Is your company interested in speaking at TC Sessions: Space 2021? Contact our sponsorship sales team by filling out this form.

Product-led growth and signal substitution syndrome: Bringing it all together

A few years back, my former colleagues and I at SiriusDecisions introduced what we called the Intent Data Framework (IDF). About a year ago, we updated the model to include non-behavioral signals and called it the Buyer Signals Framework (BSF).

Already, it’s clear we left something out of the IDF and even BSF: product-led growth.

Signal substitution syndrome

Both versions of the framework were attempts to address a misunderstanding that was, and still is, so rampant in B2B that I have a name for it — signal substitution syndrome. The nature of this syndrome is simple: In B2B, both marketing and sales practitioners tend to see each new source of information about their potential buyers — each signal type — as a substitute for the last one that didn’t work.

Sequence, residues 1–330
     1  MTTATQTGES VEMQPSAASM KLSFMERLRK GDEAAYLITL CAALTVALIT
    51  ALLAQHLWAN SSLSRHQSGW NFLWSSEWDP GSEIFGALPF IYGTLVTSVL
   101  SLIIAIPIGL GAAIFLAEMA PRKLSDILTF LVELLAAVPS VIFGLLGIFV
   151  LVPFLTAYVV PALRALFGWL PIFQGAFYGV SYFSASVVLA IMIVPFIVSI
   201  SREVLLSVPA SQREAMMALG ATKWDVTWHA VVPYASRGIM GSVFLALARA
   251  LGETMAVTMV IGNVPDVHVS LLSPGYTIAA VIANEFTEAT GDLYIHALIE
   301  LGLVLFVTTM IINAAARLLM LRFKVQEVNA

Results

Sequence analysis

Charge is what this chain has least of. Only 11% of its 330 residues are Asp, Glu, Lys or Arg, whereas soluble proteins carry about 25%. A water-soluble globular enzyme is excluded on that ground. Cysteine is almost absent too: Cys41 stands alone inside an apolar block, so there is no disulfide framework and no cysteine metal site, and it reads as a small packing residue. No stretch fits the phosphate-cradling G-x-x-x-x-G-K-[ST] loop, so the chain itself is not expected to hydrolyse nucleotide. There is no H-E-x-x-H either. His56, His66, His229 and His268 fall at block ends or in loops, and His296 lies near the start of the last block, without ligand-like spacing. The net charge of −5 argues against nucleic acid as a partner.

If people are using the product, the need is not prospective or theoretical, it is actual.

The history of B2B could be written in the successive failure of these signals to be what we all hoped for. Whether it was people showing up at trade show booths, people filling out bingo cards from the back of magazines, the people and bots filling out website forms, webinar registrations, syndicated content leads, third-party intent signals, review site users, etc.

The misunderstanding that underwrites signal substitution syndrome is that any of these signals should be considered as sufficient — or even halfway decent — signals of buyer intent unto themselves. To be sure, by happenstance, some leads have occasionally turned into business in a way that can be seen and understood.